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The Future of Healthcare in America – part 2


Heath-insurance

We were promised change when Mr. Obama was elected President.  Well, hang on to your wallets and pray you never get sick, change is coming.

Congresswoman Jan Schakowsky (D-IL) describes a conversation she had with an insurance industry representative. She says: “I said, excuse me sir, the goal of health care reform is not to protect the private health insurance industry.” She adds: “I am so confident in the superiority of a public health care option, that he has every reason to be frightened.”

The idea that there will be more competition in the healthcare sector with the expansion of the Federally funded programs is counterintuitive.  Because Medicare reimbursement rates in some cases are lower than the cost to provide the service, we can expect fewer healthcare providers.  Surely everyone can follow this to the next step.  With fewer providers, it will take longer and longer just to get seen.  We can also expect that there will be fewer expensive diagnostic tests performed as a cost savings measure.

How long will it be before they start making value decisions:  “Mrs. Ray, your mother is old and its just not worth doing the knee replacement since she is not working.  We have decided euthenasia is the best treatment.  That’s a huge savings for the American tax payers.  Not only do we avoid this big expense, but we’ll also be able to stop her Social Security payments.  Thank you for your contribution.”

Michelle Obama is already advocating the idea that some will have to give something up for the greater good.

“The truth is, in order to get things like universal health care and a revamped education system, then someone is going to have to give up a piece of their pie so that someone else can have more.”

Mrs. Obama, the last time I checked, this is still a free democratic nation.  Are you proposing that you and Mr. President are going to give up a painfully large percentage of your personal pie so that someone else can have more?  Probably not.  It seems likely that Washington will not personally suffer the same sacrifice that is being asked of all.

The Foundry had this to say:

In an Editorial on Monday, the Washington Post said: “For liberals, labor unions and others pushing to make health care available to all Americans, however, the fixation on a public plan is bizarre and counterproductive.”

As for me, if we allow the Federal Government to force Single Payer – Universal Healthcare on us, we can only expect the worst.  Higher taxes to pay for it, a dramatic loss in the quality of healthcare, and eventually a cost/benefit formula to see who qualifies for the right to get what they need.

Related Posts:

The Future of Healthcare in America – Part 1

Joint Economic Committee Warns to beware of the budget

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The Future of Healthcare in America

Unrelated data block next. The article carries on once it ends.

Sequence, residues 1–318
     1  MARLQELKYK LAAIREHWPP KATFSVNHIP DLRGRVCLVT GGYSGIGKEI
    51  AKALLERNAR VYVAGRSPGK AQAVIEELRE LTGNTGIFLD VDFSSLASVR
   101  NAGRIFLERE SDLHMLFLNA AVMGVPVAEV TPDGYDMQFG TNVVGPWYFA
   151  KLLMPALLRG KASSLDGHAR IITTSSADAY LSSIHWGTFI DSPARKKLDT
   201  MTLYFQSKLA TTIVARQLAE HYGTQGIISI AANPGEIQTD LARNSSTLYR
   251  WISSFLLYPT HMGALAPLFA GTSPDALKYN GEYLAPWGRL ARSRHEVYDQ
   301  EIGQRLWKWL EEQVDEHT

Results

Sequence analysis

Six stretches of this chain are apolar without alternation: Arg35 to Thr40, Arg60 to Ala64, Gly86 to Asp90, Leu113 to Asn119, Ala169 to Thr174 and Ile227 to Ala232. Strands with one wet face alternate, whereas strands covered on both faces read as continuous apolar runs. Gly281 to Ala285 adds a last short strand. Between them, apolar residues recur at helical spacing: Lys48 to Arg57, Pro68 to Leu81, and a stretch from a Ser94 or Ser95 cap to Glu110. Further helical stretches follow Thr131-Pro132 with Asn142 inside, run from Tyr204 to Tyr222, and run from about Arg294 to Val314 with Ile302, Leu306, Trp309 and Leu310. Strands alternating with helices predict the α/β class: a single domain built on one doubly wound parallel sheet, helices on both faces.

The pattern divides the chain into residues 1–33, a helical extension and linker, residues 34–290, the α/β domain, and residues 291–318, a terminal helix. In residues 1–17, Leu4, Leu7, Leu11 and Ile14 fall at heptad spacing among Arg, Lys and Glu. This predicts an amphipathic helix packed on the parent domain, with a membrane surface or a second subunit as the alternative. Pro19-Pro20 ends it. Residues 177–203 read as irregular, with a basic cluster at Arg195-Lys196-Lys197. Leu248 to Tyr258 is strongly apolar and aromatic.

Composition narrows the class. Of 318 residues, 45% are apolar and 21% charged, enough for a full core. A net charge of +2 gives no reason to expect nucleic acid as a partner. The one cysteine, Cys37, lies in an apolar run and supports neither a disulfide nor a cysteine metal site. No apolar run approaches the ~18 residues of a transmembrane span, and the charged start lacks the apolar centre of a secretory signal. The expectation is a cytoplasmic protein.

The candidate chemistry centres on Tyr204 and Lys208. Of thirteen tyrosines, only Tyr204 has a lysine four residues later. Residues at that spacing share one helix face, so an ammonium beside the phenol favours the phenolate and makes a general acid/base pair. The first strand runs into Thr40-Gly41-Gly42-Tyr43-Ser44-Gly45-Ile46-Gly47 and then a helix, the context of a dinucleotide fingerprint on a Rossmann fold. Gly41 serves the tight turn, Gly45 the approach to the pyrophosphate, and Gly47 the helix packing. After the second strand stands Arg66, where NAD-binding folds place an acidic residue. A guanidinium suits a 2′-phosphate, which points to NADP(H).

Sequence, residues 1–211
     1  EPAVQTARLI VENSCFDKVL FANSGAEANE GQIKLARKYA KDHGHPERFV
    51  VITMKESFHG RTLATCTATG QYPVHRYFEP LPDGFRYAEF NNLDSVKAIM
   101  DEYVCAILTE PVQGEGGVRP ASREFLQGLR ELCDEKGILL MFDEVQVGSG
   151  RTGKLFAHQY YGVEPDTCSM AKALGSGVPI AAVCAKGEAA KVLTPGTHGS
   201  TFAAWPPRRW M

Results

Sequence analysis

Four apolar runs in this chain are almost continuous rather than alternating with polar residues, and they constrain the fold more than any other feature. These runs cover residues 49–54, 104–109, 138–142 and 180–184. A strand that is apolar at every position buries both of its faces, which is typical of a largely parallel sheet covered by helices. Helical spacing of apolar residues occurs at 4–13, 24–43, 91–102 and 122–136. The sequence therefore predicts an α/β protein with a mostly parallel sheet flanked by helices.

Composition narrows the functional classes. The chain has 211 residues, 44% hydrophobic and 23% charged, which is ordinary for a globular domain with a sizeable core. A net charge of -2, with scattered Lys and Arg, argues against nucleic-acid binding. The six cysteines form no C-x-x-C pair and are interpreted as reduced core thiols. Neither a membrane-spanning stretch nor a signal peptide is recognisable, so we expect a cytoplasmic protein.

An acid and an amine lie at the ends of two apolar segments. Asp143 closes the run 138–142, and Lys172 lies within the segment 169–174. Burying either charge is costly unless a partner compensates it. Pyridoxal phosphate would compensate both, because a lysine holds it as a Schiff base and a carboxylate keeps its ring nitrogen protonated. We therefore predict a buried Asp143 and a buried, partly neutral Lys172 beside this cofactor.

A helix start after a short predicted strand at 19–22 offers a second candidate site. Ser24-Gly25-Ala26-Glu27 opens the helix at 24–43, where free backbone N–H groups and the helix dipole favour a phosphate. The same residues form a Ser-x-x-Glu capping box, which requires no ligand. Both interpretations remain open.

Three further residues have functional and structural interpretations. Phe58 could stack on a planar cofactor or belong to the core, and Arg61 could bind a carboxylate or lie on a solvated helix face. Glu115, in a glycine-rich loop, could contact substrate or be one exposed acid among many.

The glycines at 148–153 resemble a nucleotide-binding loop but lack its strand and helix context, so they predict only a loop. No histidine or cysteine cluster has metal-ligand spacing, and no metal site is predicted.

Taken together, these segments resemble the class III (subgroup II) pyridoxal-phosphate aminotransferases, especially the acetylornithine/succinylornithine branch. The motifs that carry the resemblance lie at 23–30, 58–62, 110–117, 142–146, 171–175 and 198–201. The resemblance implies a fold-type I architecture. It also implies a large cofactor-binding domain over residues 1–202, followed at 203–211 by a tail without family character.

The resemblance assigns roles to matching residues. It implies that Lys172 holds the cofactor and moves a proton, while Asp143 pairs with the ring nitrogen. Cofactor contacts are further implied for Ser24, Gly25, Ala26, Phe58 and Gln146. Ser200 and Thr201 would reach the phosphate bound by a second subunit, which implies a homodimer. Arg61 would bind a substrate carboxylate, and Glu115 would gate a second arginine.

Heath-insurance

The Wall Street Journal article,

The End of Private Health Insurance. When government ‘competes,’ guess who always wins? quoted here that talks about the end of private insurance as we know it.”

The following is an exerpt from the WSJ article describing how universal healthcare would work:

“This public option will supposedly “compete” with private alternatives. As President Obama likes to put it, those who are happy with the insurance they have now can keep it — and if they happen to prefer the government offering, well, gee whiz, that’s the free market at work. The reality is far different. Not only will the new program become the default coverage for the uninsured, but Democrats intend to game the system to precipitate — or if need be, coerce — an exodus to government from private insurance. Soon enough, that will be the only “option” left.“

Our current system is most definately flawed, but what motivation will providers have to continue in private practice if the Medicare sets the rates.  Currently, in diagnostic imaging for example, the provider barely covers cost, let alone make any profit at all.  Small independent facilities that offer a better out-patient experience are effectively reimbursed at a lower rate than a hospital using the same diagnostic equipment.  Many insurance contract prices are already tied to Medicare rates.  Many doctors will no longer accept Medicare patients, again due to the reimbursement.  If Congress insists on reducing the cost of Medicare on the backs of the providers, they will find themselves without anyone to do the work.

This is what we have to look forward to if we allow Congress to expand Medicare to cover everyone.

P.J. O’Rourke said, “If you think healthcare is expensive now, wait until it is free.”  Very aptly put.

Related Posts:

The Future of Healthcare in America – Part 2

Tags: Healthcare,+medicare,+medical+insurance, politics,+opinion,+universal+healtcare,+medicaid

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